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Law School Case Brief

In re Baby - 447 S.W.3d 807 (Tenn. 2014)

Rule:

The public policy of Tennessee does not prohibit the enforcement of traditional surrogacy contracts, but does impose certain restrictions. The state's public policy requires compliance with the statutory procedures for the termination of parental rights and does not allow parties to terminate the parental rights of a traditional surrogate through judicial ratification of a surrogacy contract prior to the birth of the child.

Facts:

In early 2010, a man and a woman, both of whom were citizens of Italy, were planning on marrying each other once the Catholic Church approved the annulment of the woman's previous marriage. They engaged the services of a surrogacy agency in the United States after discovering that they were biologically incapable of having a child together. The surrogacy agency arranged for the couple to contact a woman surrogate and her husband, both Tennessee residents, who entered into contract for a "traditional surrogacy," which involves the artificial insemination of the surrogate, who, after giving birth, was meant to relinquish the child to the biological father and the intended mother. Prior to the birth of the child, all parties filed a joint petition asking the juvenile court to declare the paternity of the child, grant custody to the intended parents, and terminate the parental rights of the surrogate. A magistrate for the juvenile court granted the petition. Less than a month later, the surrogate gave birth, and, following the advice of medical personnel, the parties agreed that the surrogate should breastfeed the child for a short period of time in the interest of providing the best possible nutrition. When the child was almost one week old, the surrogate filed a series of motions asking the magistrate to vacate the prior order, set aside the surrogacy contract, and award her custody. The magistrate denied the motions, the juvenile court judge upheld the ruling, and the Court of Appeals affirmed. The State Supreme Court granted the surrogate's application for permission to appeal to consider issues of public policy, subject matter jurisdiction, paternity, custody, and the termination of parental rights.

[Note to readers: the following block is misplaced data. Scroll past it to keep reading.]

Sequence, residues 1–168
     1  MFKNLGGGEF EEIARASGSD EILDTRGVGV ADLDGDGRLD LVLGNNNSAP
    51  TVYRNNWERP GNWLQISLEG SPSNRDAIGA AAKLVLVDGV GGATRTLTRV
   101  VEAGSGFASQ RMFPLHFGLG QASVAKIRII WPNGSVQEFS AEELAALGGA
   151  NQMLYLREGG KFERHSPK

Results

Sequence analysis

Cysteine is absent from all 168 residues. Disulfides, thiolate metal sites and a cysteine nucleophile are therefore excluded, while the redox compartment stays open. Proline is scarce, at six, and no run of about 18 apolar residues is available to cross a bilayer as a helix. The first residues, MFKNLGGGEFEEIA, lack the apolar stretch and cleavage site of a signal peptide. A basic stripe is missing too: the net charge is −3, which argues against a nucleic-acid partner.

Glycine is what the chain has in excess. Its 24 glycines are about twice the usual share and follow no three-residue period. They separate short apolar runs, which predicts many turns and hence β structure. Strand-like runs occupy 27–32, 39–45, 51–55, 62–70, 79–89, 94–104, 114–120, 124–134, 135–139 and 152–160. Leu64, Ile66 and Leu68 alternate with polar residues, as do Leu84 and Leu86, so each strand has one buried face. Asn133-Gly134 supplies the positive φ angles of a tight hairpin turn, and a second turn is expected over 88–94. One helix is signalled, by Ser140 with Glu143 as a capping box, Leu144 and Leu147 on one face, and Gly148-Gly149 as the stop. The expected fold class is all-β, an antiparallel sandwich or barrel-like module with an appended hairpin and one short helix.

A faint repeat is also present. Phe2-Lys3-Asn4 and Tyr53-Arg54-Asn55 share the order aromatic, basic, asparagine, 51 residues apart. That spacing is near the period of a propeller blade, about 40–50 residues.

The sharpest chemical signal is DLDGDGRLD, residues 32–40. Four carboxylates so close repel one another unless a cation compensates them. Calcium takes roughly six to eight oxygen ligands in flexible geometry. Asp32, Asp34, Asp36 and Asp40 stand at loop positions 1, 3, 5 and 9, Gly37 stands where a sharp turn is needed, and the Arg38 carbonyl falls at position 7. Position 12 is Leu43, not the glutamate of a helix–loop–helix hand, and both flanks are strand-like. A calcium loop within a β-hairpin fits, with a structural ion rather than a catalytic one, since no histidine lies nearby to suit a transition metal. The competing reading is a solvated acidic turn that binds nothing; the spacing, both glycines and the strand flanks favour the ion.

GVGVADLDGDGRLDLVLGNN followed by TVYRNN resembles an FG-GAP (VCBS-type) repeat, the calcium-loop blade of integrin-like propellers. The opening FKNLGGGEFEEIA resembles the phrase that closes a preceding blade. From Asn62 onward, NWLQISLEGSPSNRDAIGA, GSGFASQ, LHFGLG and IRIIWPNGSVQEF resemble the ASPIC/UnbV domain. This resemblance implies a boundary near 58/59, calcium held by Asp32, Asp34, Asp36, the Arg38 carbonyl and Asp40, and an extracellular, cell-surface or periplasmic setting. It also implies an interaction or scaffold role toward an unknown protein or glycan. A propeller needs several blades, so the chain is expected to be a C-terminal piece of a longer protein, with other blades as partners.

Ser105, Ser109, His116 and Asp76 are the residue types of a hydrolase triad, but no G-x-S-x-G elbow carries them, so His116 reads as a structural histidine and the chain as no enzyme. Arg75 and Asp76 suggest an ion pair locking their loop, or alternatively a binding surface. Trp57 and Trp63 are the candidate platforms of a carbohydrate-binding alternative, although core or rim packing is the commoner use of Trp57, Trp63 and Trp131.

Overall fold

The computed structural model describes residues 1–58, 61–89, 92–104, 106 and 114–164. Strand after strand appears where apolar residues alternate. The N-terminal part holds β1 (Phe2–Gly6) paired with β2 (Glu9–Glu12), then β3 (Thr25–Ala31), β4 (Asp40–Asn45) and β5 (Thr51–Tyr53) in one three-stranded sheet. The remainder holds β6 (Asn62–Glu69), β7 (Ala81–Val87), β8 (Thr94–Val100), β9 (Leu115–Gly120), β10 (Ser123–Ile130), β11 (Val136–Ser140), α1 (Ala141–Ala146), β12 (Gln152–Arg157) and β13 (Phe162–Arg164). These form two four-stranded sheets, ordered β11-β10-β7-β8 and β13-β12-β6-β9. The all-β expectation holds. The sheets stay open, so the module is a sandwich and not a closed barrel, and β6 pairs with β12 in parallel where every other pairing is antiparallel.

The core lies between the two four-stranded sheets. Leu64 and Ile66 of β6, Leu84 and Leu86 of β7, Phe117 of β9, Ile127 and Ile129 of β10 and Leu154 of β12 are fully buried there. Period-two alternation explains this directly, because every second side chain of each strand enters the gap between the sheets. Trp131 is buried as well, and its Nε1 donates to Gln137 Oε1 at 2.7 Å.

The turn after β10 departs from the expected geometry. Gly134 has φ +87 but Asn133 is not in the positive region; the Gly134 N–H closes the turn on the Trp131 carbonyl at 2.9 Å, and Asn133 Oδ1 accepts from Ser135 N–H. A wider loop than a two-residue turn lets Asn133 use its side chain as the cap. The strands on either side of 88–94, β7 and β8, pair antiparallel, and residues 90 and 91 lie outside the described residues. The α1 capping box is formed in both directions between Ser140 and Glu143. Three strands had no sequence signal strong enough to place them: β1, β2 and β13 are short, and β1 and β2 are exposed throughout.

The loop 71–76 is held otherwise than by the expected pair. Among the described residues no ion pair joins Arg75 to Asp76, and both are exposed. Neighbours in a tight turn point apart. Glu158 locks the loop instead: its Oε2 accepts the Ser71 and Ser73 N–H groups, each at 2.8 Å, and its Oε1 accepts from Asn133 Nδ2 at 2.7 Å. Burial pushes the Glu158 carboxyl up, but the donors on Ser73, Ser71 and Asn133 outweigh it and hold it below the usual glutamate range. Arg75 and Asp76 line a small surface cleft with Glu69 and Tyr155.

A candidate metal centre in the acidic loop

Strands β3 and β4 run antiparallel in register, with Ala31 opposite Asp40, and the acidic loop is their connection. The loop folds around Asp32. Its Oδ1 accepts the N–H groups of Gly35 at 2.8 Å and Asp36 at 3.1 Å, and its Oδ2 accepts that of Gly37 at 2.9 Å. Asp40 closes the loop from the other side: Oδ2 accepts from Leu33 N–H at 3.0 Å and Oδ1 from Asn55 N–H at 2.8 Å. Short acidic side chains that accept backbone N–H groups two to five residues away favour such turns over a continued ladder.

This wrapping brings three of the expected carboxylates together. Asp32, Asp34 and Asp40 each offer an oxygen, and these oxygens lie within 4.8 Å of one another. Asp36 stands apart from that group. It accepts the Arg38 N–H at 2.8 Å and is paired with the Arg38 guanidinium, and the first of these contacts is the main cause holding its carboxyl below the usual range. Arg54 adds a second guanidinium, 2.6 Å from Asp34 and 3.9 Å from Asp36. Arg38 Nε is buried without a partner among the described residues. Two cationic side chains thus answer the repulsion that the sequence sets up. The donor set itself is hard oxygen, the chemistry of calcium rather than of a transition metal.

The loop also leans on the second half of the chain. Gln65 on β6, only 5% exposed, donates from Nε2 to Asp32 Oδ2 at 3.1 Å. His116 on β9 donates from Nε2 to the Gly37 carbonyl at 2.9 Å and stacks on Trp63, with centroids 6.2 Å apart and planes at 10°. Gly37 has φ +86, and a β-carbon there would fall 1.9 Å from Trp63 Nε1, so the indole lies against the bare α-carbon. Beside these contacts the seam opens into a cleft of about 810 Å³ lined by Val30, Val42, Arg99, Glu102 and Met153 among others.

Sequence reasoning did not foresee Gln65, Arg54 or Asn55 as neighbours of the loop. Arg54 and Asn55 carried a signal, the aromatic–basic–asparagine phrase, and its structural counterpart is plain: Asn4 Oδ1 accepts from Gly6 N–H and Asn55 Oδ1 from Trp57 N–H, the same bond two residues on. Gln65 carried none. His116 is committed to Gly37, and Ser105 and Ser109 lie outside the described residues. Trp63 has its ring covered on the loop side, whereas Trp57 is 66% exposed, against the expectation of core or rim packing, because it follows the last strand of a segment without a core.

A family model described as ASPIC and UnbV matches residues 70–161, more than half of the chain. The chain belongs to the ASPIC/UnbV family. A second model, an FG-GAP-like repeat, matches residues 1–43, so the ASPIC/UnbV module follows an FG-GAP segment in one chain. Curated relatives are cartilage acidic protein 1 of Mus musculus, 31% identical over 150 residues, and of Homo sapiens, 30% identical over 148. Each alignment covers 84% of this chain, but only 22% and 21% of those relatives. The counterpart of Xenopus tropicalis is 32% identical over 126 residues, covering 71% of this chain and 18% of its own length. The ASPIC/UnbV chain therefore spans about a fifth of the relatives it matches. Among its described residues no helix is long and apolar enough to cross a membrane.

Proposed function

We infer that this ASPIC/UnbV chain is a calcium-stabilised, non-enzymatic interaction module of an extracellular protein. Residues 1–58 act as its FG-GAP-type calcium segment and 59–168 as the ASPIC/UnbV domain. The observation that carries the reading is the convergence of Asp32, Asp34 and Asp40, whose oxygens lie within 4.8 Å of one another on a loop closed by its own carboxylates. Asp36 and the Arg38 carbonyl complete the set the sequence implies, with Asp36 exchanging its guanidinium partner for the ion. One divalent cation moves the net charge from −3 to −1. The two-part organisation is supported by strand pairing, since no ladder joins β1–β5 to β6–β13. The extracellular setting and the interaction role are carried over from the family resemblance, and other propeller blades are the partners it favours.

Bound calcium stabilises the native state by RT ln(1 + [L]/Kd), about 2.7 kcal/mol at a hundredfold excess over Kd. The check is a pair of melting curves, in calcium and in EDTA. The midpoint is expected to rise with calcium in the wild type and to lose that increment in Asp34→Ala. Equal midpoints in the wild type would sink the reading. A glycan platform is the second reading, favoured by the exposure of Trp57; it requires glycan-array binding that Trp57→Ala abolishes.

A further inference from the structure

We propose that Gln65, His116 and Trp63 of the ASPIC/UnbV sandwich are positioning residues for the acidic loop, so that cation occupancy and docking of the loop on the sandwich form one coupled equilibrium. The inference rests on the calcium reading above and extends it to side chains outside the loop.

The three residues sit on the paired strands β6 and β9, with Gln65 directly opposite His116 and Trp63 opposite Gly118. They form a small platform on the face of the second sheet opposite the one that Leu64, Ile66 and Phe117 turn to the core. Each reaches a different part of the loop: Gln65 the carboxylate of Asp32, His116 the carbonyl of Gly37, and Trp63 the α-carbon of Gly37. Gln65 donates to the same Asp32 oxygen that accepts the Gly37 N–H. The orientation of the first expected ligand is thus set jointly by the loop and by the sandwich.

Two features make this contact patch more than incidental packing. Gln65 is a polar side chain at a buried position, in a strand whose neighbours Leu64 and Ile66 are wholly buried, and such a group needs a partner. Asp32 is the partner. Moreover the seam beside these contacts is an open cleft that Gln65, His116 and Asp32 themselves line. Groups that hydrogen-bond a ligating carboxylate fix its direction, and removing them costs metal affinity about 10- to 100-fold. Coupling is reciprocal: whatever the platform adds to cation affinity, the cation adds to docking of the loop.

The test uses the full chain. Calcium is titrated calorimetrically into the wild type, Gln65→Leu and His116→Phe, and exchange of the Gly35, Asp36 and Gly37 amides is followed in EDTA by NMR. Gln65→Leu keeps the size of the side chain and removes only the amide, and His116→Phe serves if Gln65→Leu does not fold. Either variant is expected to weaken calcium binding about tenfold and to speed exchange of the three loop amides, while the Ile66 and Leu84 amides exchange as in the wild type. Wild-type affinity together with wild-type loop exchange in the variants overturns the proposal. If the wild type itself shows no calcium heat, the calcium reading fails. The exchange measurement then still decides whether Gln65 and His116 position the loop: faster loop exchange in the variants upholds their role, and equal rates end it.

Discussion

Issue:

Was the enforcement of traditional surrogacy contracts prohibited in the State of Tennessee?

Answer:

No, but imposed certain restrictions.

Conclusion:

The Supreme Court of Tennessee held that the public policy of the State of Tennessee did not prohibit the enforcement of traditional surrogacy contracts, but did impose certain restrictions. According to the Court, the state’s public policy required compliance with the statutory procedures for the termination of parental rights and did not allow parties to terminate the parental rights of a traditional surrogate through judicial ratification of a surrogacy contract prior to the birth of the child. Accordingly, the contractual provisions in the present case, which circumvented the statutory procedures for the termination of parental rights, were unenforceable. The Court averred that because the surrogate retained parental rights unless and until such rights were terminated in a future proceeding, the case was remanded to the juvenile court to address the issues of visitation and child support.

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